Rouse in Profile: Chad Dowle

Not just ‘an average bloke’!

Chad is a Rouse Executive and UAE Country Manager, based in Dubai.

Australians are notorious for understatement.  Ask an Australian how things are going when the country has been flooding for days, and he’s likely to say ‘Well, we’ve had a bit of rain’.  Or comment on his high-flying son, and he’s likely to pause and say ‘Yeah, he’s done alright’.  So when Chad, who was born and bred in Sydney, said he was ‘just an average bloke, not particularly adventurous’ I knew I needed to enquire further.

It was, as I suspected, a classic case of Australian understatement: Chad is, and has always been, an independent spirit.  He grew up on the edge of Sydney, in what is known as the Hills District, among large bush blocks and open spaces and with a great sense of freedom. He attended a nearby independent non-denominational school, The Hills Grammar School, that encouraged students to follow their own path in life – unusually for an independent Australian school, it had a ‘no contact sports’ policy and no bells were rung between classes.  Students knew where they should be, and when they should be there: it was up to them to see that they were there, and that they were there on time.

Very early on, Chad developed a love of both architecture and cars.  His interest in architecture probably began when he spent weekends with his family visiting builders’ show homes.  He could easily have been bored, but instead developed an interest in various aspects of design and began to see himself as a budding architect.  That ambition quickly came to an end, however, when he found that at school he was much more interested in the humanities than he was in mathematics or sciences.  His love of cars, however, has never ended – and he’s very happy to be in Dubai, where the roads are fantastic, fuel is cheap and car ownership is often said to be ‘the unwritten rule for expats’. 

Chad’s path to the law, and to IP in particular, was initially more a matter of chance than design.  He had received no pressure from his family to study law – in fact the only career pressure his father had put on him was not to follow in his footsteps and become an accountant, a pressure that Chad found not at all burdensome.  His school results were good and when he was offered a university place in the law course of his choice; it seemed sensible to accept it.  At the time, one had to do a combined degree and he chose to study Ancient History, a subject that still fascinates him.

When he graduated, he was offered a position with a firm in Sydney and the rotation he liked best was commercial IP.  Even as a child he’d been interested in brands and understanding what they meant, and now he was actually working with them and helping clients build something valuable.  He was in his element.  He loved the work and was happy with the firm.  Even so, after several years, he began to feel he needed to expand his horizons.  And that is when he moved to London and worked in-house for several years in the IP department of an international premium drinks’ manufacturer.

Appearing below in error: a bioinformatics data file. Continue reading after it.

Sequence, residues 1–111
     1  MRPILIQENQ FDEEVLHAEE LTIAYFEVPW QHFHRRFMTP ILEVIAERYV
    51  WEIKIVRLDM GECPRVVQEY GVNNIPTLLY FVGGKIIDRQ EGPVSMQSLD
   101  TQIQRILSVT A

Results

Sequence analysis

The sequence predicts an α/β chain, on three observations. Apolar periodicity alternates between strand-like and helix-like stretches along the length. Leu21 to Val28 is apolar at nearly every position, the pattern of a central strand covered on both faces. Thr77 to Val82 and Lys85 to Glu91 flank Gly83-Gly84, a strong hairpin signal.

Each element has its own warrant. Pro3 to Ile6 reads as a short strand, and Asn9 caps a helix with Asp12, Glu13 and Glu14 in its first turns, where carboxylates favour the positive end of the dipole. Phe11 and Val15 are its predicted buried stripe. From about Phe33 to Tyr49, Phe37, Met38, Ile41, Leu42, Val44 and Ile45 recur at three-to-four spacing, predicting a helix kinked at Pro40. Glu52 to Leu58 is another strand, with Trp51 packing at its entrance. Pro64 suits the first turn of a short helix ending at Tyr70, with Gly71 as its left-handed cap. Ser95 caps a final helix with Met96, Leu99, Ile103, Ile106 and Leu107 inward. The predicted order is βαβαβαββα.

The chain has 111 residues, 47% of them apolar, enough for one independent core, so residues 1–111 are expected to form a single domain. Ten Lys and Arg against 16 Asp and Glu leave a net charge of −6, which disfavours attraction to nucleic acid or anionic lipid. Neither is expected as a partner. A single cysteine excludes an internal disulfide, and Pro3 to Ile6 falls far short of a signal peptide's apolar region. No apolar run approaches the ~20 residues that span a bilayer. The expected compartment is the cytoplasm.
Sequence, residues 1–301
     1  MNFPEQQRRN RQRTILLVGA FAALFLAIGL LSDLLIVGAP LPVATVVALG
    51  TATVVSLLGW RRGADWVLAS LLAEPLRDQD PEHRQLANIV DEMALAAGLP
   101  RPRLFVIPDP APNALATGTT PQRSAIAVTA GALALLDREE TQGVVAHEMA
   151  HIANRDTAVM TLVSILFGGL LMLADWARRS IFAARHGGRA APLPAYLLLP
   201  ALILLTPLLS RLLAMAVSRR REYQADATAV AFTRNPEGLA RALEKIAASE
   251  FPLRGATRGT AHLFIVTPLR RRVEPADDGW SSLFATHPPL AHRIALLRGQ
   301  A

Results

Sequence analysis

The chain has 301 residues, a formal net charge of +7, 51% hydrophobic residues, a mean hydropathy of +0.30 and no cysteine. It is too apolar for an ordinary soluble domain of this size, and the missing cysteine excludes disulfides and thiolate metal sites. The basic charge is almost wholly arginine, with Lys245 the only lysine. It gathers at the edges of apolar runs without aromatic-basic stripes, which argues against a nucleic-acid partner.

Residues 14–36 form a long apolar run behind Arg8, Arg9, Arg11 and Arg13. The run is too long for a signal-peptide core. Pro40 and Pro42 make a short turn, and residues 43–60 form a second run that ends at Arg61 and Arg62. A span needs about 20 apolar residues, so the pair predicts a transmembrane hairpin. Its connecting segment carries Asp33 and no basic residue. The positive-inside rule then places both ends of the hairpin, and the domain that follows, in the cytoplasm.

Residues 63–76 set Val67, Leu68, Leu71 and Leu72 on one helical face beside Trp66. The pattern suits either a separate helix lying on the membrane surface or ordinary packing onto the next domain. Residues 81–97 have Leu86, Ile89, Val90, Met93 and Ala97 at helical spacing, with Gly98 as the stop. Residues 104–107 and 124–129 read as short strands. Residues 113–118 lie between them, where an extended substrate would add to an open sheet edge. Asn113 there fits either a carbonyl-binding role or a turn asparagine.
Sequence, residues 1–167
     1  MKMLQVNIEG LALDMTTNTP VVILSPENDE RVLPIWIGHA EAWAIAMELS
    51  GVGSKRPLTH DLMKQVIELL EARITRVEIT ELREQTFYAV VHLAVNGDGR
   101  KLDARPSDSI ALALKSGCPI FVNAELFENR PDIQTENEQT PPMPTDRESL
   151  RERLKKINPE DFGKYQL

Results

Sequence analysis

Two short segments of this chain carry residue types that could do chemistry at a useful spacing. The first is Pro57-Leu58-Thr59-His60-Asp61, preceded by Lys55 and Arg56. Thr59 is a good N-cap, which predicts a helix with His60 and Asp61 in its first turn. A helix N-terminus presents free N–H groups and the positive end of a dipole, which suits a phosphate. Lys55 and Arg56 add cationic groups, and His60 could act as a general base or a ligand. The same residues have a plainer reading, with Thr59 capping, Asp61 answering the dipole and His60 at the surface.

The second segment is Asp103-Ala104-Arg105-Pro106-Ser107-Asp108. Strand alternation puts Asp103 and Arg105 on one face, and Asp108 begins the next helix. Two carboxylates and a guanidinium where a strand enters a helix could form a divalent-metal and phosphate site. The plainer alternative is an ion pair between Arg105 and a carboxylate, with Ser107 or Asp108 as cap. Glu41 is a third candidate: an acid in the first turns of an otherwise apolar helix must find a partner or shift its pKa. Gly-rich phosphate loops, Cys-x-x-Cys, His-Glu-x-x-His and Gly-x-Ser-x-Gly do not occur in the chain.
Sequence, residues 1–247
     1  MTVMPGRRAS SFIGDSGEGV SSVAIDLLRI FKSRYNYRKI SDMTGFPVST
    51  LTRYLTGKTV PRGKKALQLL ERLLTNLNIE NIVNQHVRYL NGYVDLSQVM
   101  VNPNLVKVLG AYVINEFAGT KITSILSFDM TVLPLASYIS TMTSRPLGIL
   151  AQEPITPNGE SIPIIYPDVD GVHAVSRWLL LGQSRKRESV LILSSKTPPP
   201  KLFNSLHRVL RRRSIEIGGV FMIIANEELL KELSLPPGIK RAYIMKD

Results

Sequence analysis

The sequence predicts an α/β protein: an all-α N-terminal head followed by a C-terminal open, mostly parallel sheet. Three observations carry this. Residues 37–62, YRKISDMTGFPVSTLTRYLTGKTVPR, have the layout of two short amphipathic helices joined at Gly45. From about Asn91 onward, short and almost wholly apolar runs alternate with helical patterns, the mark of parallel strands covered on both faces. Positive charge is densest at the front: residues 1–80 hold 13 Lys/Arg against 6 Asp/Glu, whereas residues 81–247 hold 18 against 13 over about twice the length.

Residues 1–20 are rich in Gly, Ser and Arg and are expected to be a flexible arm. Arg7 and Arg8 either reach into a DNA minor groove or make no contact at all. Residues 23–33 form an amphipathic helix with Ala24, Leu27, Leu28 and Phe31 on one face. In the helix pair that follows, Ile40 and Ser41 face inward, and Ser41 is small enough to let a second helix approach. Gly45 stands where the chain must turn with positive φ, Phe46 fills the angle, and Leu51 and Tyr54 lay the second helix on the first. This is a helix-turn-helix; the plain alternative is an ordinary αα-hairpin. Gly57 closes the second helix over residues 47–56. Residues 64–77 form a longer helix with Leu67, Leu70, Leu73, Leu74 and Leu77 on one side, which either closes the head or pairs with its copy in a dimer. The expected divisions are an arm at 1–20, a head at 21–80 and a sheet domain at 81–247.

The experience he obtained there stood him in good stead when, in September 2008 he joined Rouse in Dubai.  He had been to Dubai on vacation the year before and thought it would be exciting to work there for a year or two, little dreaming that seven and a half years later he would still be there.

“The work is interesting”, he says, “and it’s a good group of people.  The time has absolutely flown and Dubai is a fascinating place to be”.  Apart from anything else, being in Dubai exposes you to many different cultures – in the Rouse office alone, at last count, there were 20 different nationalities in a team of around 50 – and that inevitably broadens your outlook. When Chad’s parents visit him from Australia, they are always amazed to find a United Nations of nationalities round the dining table.   

Chad makes a point of returning to Australia frequently, but he says that living in Dubai and travelling widely, for both work and pleasure, has changed him.  He still feels a strong connection to the country, but both he and the country are changing and sometimes he’s no longer sure where he belongs.  It’s a feeling that everyone living away from home for an extended period probably feels sooner or later. 

Still, he’s not deterred.  His spirit of adventure seems to be alive and well and his next move is likely to be to somewhere in Asia. He sees it as an important part of the world and one he would like to know better.  Although he might see himself as  ‘an average bloke, not particularly adventurous’, it’s unlikely his friends back home would describe him that way.